What is the relaxation response?

William B. Salt II., MD
Breathing is a key element in eliciting the “relaxation response” described by Dr. Herbert Benson. The relaxation response is a counterbalancing mechanism to the stress response. It is not only helpful whenever used, but it can also have lasting beneficial effects when practiced regularly.

Here’s what’s involved:
  • repetition of a word, sound, phrase, prayer, or muscular activity
  • passive disregard of everyday thoughts that inevitably come to mind by your returning to the rhythm of repetition

Your breathing should be slow and natural while you silently say the focus
word, sound, phrase, or prayer to yourself during exhalation.
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The relaxation response came from the concentrated research of Dr. Herbert Benson, author of The Relaxation Response and founder of the Mind/Body Medical Institute at Harvard University. Benson was the first medical doctor to scientifically document the physiological benefits of meditation through his studies with experienced Transcendental Meditators. The relaxation response actually changes the physical and emotional responses to stress. For instance, when you elicit the relaxation response, you’ll notice a visible decrease in your heart rate, blood pressure, and muscle tension. Recent studies have found that relaxation therapy appears to produce improved adjustment, increased medication compliance, and decreased use of medical services for those with chronic pain. 
In his studies, Herbert Benson, MD, found that there was a counterbalancing mechanism to the fight-or-flight response. Just as stimulating an area of the hypothalamus can cause the stress response, so activating other areas of the brain results in its reduction. This study led to the discovery of the “relaxation response,” a physiological state of inner quiet and peacefulness, a calming of negative thoughts and worries, and a mental focus away from the pain itself.

Relaxation is defined by decreased muscle tension and respiration, lower blood pressure and heart rate, and improved circulation. The relaxation response slows down the sympathetic nervous system leading to:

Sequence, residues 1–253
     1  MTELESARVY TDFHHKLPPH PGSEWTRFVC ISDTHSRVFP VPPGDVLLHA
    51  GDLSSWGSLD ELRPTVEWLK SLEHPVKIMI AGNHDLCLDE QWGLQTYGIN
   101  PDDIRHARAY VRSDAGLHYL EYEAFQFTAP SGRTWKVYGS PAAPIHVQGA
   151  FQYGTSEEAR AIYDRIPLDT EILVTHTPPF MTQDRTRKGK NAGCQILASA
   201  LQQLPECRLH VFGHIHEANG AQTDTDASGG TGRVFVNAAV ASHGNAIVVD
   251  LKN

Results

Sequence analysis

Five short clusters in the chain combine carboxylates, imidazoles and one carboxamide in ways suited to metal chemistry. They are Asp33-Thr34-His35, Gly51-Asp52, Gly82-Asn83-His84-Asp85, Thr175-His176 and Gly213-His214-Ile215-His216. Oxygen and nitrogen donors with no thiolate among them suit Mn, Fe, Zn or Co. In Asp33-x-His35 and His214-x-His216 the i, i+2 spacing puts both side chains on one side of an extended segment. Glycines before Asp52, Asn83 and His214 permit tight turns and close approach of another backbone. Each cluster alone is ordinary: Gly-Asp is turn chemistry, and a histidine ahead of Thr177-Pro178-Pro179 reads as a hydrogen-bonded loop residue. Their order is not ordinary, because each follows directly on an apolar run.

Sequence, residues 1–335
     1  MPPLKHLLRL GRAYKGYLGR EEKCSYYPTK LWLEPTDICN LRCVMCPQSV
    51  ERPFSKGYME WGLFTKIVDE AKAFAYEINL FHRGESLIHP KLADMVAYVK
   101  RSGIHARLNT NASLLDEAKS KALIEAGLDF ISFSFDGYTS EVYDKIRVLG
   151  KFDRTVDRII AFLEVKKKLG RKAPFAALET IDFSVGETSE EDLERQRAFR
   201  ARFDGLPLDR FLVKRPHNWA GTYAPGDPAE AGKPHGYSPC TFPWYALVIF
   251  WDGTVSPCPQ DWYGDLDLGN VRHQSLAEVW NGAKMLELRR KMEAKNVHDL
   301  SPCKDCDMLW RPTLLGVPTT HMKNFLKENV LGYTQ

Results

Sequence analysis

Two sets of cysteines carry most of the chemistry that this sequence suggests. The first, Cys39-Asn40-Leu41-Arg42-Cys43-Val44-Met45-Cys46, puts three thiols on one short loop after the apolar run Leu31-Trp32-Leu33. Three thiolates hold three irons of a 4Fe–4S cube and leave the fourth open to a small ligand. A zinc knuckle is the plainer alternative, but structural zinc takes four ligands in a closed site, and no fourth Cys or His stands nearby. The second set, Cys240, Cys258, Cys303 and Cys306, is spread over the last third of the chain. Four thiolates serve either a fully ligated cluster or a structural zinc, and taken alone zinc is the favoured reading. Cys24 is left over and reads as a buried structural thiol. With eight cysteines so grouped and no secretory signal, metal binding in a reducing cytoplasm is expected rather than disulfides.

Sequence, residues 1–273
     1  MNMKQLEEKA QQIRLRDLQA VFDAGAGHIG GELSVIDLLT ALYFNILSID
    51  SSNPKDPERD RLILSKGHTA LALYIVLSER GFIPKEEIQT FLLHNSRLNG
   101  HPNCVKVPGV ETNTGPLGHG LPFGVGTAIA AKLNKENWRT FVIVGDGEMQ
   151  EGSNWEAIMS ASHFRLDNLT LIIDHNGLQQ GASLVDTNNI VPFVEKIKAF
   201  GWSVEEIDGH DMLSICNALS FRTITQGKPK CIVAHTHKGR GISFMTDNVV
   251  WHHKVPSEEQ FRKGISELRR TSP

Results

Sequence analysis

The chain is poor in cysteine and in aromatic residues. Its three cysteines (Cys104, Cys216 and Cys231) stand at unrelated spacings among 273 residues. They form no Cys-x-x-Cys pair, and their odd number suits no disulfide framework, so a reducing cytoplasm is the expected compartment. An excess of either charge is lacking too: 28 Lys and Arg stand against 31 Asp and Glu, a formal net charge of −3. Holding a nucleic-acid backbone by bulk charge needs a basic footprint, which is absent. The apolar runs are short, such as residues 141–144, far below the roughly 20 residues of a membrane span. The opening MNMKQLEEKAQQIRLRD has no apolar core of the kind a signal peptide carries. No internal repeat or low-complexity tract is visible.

• decreased heart rate
• decreased blood pressure
• decreased sweat production
• decreased oxygen consumption
• decreased catacholamine production (dopamine and norepinephrine or
  brain chemicals associated with the stress response)
• decreased cortisol production (stress hormone)

Eliciting the relaxation response in conjunction with massage or other touch therapies is an added bonus in reducing emotional stress of daily living. Once you’ve learned the physiological process of relaxing, you can summon this decrease in sympathetic arousal with many different interventions, such as progressive muscle relaxation, meditation, guided imagery, and music therapy, among many.

Some people report experiencing benefits from mind/body tools within minutes of doing them. For example, deep abdominal breathing actually alters your psychological state, making a stressful moment diminish in intensity. Think about how your respiration quickens when you are fearful. Then consider how taking a deep, slow breath brings an immediate calming effect. Likewise, music therapy can lessen your heart rate on the first experience, if you mindfully focus on the music, rhythm, and resulting inner peace.
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Important: This content reflects information from various individuals and organizations and may offer alternative or opposing points of view. It should not be used for medical advice, diagnosis or treatment. As always, you should consult with your healthcare provider about your specific health needs.